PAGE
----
Analyzing the Problem GPT-3 is Trying to Solve

post by adamShimi · 2020-08-06T21:58:56.163Z · LW · GW · 2 comments

Contents

  The Promptp Search Problem
  The BestPromptp Optimization Problem
  Solving the Task
  Conclusion
None
2 comments

I think that taking a theoretical computer science perspective to GPT-3 might help clarify some part of the debate.

My background is in theoretical computer science, and that's my prefered perspective to make sense of the world. So in this post, I try to rephrase the task we ask GPT-3 to solve in terms of search and optimization problems, and I propose different criteria for solving such a task. I thus consider GPT-3 as a black-box, and only ask about how to decide if it is good at its task or not.

Epistemic status: probably nothing new, but maybe an interesting perspective. This is an attempt to understand the intuitions behind different statements about whether GPT-3 "solves some task".

The Search Problem

Let's fix a language (English for example). Then a very basic description of the task thrown at GPT-3 is that it's given a prompt and it needs to give a follow-up text such that is a good answer to the prompt. For example, might be a question about parenthesis or addition or a story to complete, and is GPT-3's answer. I thus define to be this search problem for a given prompt .

Now, what does it mean for an algorithm to solve ? Multiple possibilities come to mind:

Okay, so GPT-3 is solving iff it is a probabilistic solution to it. Is it enough?

Not exactly. In some cases, we don't want a binary choice between good and bad answers; there might be a scale of answers which are more and more correct. That is to say, it should be an optimization problem.

The Optimization Problem

To go from a search problem to an optimization problem, we need a measure of how good the solution is. Let's say we have a function . The optimization problem can then be defined with our probabilistic criterion in multiple ways:

This new criterion feels much closer to what I want GPT-3 to do when I give it a prompt. But I don't know how to write a measure function that captures what I want (after all, that would be a utility function for the task!). We can do without, by instead comparing two answers with each other. I probably have a couple of answers I am waiting for when writing my prompt; and when I receive an answer, I feel that comparing it to one of my expected answer should be possible.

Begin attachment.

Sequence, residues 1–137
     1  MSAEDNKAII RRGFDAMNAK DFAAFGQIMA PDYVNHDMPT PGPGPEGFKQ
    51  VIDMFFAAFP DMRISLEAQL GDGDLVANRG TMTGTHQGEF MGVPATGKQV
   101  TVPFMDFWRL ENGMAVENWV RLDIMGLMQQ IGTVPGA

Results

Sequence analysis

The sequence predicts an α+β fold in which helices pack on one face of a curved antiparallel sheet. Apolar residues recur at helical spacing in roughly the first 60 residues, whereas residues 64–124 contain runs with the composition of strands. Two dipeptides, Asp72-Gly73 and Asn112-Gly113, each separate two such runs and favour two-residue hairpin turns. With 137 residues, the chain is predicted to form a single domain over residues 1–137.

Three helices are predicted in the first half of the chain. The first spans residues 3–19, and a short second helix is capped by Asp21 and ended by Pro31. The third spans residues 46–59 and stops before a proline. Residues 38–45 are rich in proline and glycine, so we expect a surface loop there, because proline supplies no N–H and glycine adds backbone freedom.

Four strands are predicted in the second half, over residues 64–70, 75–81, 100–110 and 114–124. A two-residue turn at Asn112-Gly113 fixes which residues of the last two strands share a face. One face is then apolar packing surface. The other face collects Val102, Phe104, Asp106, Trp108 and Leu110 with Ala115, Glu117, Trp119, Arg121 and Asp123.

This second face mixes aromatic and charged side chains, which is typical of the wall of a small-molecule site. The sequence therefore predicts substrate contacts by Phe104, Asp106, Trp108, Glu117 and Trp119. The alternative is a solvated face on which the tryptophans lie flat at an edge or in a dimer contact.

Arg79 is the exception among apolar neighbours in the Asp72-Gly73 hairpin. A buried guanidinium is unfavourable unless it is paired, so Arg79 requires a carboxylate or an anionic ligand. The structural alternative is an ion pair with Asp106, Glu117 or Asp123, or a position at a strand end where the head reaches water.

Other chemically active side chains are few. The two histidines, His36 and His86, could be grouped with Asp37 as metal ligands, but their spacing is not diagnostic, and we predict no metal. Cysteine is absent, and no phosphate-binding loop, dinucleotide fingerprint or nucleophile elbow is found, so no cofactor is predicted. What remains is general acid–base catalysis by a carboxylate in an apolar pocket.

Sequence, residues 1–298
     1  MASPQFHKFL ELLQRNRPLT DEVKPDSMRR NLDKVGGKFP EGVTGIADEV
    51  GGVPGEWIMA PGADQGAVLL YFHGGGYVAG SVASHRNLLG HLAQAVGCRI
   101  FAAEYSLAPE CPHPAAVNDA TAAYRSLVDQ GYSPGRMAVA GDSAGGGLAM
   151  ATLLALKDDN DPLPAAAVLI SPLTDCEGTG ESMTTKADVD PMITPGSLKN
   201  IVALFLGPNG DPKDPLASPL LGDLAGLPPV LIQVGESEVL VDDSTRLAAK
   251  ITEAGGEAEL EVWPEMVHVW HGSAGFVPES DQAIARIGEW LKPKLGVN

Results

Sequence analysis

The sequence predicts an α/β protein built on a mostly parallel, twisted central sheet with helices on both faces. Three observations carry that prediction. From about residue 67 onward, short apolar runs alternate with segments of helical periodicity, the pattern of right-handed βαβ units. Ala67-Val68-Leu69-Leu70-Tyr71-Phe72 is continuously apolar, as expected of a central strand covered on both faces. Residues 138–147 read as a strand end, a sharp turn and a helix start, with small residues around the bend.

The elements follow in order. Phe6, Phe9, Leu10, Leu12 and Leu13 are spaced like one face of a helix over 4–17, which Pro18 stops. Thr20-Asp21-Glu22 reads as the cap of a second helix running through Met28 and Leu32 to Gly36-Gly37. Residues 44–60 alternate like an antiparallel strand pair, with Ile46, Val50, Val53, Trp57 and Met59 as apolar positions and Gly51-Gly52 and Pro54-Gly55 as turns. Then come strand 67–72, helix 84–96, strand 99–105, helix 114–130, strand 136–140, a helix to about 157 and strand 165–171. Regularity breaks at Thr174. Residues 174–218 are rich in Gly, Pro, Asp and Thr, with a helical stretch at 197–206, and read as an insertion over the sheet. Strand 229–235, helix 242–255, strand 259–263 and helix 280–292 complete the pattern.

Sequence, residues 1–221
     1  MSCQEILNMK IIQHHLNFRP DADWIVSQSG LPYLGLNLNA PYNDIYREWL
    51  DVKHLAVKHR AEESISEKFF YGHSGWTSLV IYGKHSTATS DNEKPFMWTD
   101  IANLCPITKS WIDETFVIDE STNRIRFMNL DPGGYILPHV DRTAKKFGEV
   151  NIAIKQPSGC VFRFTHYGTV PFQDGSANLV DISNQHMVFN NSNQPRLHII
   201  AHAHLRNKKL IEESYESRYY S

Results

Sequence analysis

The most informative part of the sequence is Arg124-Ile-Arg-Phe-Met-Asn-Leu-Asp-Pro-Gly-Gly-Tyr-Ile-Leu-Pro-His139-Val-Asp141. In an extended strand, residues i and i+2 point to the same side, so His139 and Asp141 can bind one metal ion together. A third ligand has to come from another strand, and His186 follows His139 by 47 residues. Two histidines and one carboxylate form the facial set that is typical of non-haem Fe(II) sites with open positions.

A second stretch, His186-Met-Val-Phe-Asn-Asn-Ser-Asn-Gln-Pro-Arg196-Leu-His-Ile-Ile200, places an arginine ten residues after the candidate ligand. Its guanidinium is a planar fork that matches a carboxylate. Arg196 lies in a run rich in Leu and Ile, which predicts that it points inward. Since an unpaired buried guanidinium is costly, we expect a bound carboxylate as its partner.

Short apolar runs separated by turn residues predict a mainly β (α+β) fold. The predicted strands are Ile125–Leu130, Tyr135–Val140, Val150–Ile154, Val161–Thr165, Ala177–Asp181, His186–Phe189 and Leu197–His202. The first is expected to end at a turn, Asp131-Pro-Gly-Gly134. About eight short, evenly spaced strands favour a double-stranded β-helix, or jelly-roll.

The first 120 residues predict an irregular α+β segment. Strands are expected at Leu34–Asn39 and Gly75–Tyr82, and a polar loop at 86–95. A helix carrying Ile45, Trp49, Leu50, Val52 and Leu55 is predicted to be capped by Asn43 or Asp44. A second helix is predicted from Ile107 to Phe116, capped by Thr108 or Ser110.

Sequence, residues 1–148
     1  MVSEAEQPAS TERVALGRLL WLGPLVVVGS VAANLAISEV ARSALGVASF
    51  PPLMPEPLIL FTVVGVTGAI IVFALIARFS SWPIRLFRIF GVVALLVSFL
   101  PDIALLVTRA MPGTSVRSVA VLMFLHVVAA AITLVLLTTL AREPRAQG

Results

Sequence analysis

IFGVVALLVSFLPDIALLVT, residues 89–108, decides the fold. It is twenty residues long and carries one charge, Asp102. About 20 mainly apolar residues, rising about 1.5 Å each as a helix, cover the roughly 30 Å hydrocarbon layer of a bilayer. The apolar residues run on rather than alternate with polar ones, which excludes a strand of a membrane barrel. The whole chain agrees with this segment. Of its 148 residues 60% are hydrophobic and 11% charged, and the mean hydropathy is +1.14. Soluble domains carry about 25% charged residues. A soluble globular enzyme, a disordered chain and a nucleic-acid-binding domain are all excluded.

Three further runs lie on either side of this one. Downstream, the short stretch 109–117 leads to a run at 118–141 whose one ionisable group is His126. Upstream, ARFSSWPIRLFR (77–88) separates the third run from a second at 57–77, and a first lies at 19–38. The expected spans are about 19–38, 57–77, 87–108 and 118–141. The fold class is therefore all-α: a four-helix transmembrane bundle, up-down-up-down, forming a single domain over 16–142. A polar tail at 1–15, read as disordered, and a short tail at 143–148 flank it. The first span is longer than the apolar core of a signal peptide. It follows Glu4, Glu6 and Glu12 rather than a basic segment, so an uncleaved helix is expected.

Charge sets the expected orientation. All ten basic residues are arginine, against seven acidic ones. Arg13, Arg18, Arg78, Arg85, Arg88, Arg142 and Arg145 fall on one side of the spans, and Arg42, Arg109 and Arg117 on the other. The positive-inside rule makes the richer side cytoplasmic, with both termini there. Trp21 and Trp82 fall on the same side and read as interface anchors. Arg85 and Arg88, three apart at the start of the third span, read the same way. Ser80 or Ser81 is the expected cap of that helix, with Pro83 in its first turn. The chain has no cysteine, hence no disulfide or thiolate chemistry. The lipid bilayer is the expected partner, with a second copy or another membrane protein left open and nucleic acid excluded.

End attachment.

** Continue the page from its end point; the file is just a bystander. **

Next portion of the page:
In consequence, I give the following criterion. Assume the existence of a set of expected answers and of a comparison relation between answers . Then

(As Good As Expected) solves if , with .

I am personally happy with that criterion. And I think it is rather uncontroversial (with maybe the subtlety that some people would prefer a in place of the ).

But we're not done yet. This only constrains the algorithm about what it does for a fixed prompt. A big part of the discussion of GPT-3 turns around the number of prompts for GPT-3 should give an interesting answer. This requires a step back.

Solving the Task

When evaluating GPT-3, what I really care about is its answer for a specific task (like addition or causality). And this task can be encoded through many prompts. Let's say that we have a set of prompts that somehow capture our task (from our perspective). What constrains should an algorithm satisfy to be said to solve the task? We already have a meaningful criterion for answering correctly to a prompt: the "As Good as Expected" one. What's left to decide is for which prompts in should satisfy this criterion.

Contrary to the part about solving a prompt, the answer doesn't look obvious to me here. I also believe that much of the disagreement about GPT-3's competence is based on a disagreement about this part.

Conclusion

Thinking about GPT-3, and the sort of problem we want it to solve, through the lens of theoretical computer science, helped me understand slightly better the debate surrounding it. I hope it can be helpful to you too. And I'm also very curious of any error you might find in this post, whether conceptual or technical.

2 comments

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comment by avturchin · 2020-08-07T10:26:38.895Z · LW(p) · GW(p)

What do you think about a possible comparison between GPT-3 and AIXI?

Oversimplification: If AIXI will get a sequence, it will produce a set of hypothesis about the most probable explanations of the sequence and based in them, a set of possible continuations can be generated. GPT-3 misses the hypothesis generating part and directly generate the continuations.

AIXI is known to be a model of truly general intelligence.

Could GPT-3 be used or regarded as an approximation of AIXI?

comment by Zachary Robertson (zachary-robertson) · 2020-08-07T12:52:32.933Z · LW(p) · GW(p)

I've argued [LW · GW] that GPT3 can do a form of boosting if you pair it with an output filter. In terms of the language introduced here we have something like where filters the output with some probability according to . So if we have strong reason to believe that a good enough prompt exists then as we iterate the prompt GPT3 will get better at matching the output which allows for improvement.